Didn’t write for what—how many days? Three or four or maybe more; did not keep track, of course, was too busy living. Made several notes here and there and forgot about them until I sat at the desk.
The process is easy. I refuse to believe it begins somewhere or ends somewhere. It starts when you feel something enough to put it down and ends when you write the last word, but when would I ever write it? There is always something more to write after you are done writing. There are more pieces I have not written than the ones I finish, and many I have left midway kept like dough kept in the corner to ferment and rest. I think every person must live first before they tell a story. Living always comes first—documenting it, sharing it comes later. Many befuddle it and have it the other way around. I pity them.
Yesterday, I took a nap on the plane because the sky was too bright, the clouds too white, and I was too tired to look out and bear it all, and a sentence came to me: no matter who you are and where you come from, there will be some struggle, and in the end, only you will know it. It will be your weight to lift, your cross to bear, and as much as telling others is an option, you will never find the words or the opportunity—which is often more critical. If you have ever tried confessing your unending love for someone, you know the struggle of finding them at the right moment and by themselves, which is, again, more important. People are rarely alone anyway. Their thoughts, regrets, and other badges and patches of time and worry travel with them. But that is not the topic at hand; my digressive roundabout ways of saying things get on my nerves as much as they do others, sometimes. The case is that no matter who you are, you will struggle with something. This is, of course, an obvious realisation about yourself. Ask anyone on the street if they have ever struggled, and they will tell you: naturally.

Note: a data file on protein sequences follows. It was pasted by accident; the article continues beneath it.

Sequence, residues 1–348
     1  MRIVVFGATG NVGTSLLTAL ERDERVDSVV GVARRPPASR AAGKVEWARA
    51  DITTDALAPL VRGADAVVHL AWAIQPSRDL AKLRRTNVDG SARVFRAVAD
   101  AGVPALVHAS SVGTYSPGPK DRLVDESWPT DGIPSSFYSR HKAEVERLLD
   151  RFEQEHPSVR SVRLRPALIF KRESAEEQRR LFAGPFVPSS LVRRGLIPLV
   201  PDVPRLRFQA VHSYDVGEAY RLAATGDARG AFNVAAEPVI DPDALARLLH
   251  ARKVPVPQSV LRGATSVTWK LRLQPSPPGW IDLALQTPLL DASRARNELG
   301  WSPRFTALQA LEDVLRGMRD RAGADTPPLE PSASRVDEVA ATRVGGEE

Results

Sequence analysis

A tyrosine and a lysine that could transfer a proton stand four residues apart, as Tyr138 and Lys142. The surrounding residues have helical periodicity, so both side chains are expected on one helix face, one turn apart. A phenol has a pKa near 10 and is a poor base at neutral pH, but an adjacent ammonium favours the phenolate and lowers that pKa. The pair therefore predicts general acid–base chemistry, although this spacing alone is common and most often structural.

But this is not as obvious when you think of others, and it is the more difficult thing to admit: as much as I have struggled, others have, too, in things they don’t tell me, especially in them, like all I refuse to mention even when given a chance, or a thousand.